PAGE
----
• The md2html utility has been significantly refactored so that its HTML renderer can be relatively easily reused. (Some more work may yet happen on this front.)

Overall, I would consider it to be a beta quality and I will think about making a release in a foreseeable future.


#16

Congratulations - great work!

I’m looking forward to port and add my own front end to it (ie, as a replacement for md2html), but the latest interface changes kept me on my toes to adapt my - only slightly differing - clone of md2html, so this was a bit daunting :wink:

And would you still incorporate some code improvements (in my view), like using table lookup for character classification instead of complex comparison and logical expressions (packaged as macros), before making an “official” release?


#17

I’m looking forward to port and add my own front end to it (ie, as a replacement for md2html), but the latest interface changes kept me on my toes to adapt my - only slightly differing - clone of md2html, so this was a bit daunting

I can imagine changes of these kinds:

  • some new constants in the enums (e.g. MD_TEXTTYPE, MD_SPANTYPE, MD_BLOCKTYPE) are added as new extensions (or new features to CommonMark) are added, but it should keep source-level compatibility. Other then that the API of the parser is more or less as flexible as we need it.

  • Related new ‘detail’ structures might be added.

  • Current detailed strructures might be enriched where it is useful.

All such changes should be mostly source-level compatible and I think there is already time to start taking this into account.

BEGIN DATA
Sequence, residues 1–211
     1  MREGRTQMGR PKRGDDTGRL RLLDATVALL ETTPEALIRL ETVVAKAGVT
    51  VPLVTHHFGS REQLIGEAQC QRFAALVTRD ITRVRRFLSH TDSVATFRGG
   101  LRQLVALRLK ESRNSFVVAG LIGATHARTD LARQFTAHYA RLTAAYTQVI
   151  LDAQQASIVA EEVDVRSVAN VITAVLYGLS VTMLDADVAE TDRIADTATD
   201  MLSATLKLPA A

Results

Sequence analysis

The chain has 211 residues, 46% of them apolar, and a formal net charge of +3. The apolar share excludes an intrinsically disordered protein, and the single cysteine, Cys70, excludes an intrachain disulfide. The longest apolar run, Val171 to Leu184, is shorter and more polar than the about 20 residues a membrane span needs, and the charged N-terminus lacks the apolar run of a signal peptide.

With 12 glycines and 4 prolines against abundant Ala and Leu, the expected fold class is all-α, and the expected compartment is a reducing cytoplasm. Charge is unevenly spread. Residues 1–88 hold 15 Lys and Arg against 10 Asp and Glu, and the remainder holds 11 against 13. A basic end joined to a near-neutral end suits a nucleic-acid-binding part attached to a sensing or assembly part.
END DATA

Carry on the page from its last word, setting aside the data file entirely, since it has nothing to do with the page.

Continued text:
Other then, the way how the interface looks and how it is flexible should be hopefully sufficient for long time. (Fingers crossed.)

And would you still incorporate some code improvements (in my view),
like using table lookup for character classification instead of complex
comparison and logical expressions (packaged as macros), before making
an “official” release?

According to my analysis with gprof there are three functions which deserve some optimizations:

  • md_collect_marks()
  • md_analyze_line()
  • render_html_escaped() (but this is on the HTML renderer side)

Each of these takes about between 20% and 30% of time.

There already is such optimization based on table lookup for some time in md_collect_marks() and it helped way a lot for its performance.

I tried implementing something similar for md_analyze_line() but there was no measurable gain so I did not commit that. I believe that’s because most of the time the function spends in just two lines when scanning for end of the line (just after the label done:).

I did not care about the renderer side much yet and I am unsure whether the render_html_escaped() may be considerably faster then it is.

Impact of all other functions is more or less negligible. It’s IMHO not worth of making them more complicated.

BTW, when talking about performance, I also tried profile guided optimization with gcc using long calibrating input created by concatenating MD4C’s README.md 100 times together. The result was another 30% performance gain over normal Release build without the PGO (measured with Cmark’s make bench).

I don’t know what optimizations gcc did although such analysis would be interesting. I would guess there was some aggressive loop unrolling and/or inlining because the binary was about 10% or 20% larger then without PGO.


#18

Great work! Embedding C source directly is what we do for Apache Lucy, so MD4C looks like the ideal replacement for cmark (which is getting more and more bloated lately).


#19

On the same Linux box as my previous report, I now get this from Cmark’s make bench:

  • MD4C (head): mean = 0.3590, median = 0.3600, stdev = 0.0120
  • Cmark (0.27.1): mean = 0.6360, median = 0.6400, stdev = 0.0052
  • Cmark (head): mean = 1.0740, median = 1.0700, stdev = 0.0084

So MD4C got better then the last time, for about 20%. It’s mostly due my today’s work on optimizing the two hottest loops in the parser.

(But Cmark now seems to perform much slower then it used to. Seems like some performance regression has been introduced there recently. @jgm Are you aware of it?)


#20

It seems that the performance hit from a PR I recently merged adding accurate source extent information was too high. I’ve reverted that commit for now and suggested that the feature be made conditional on a flag.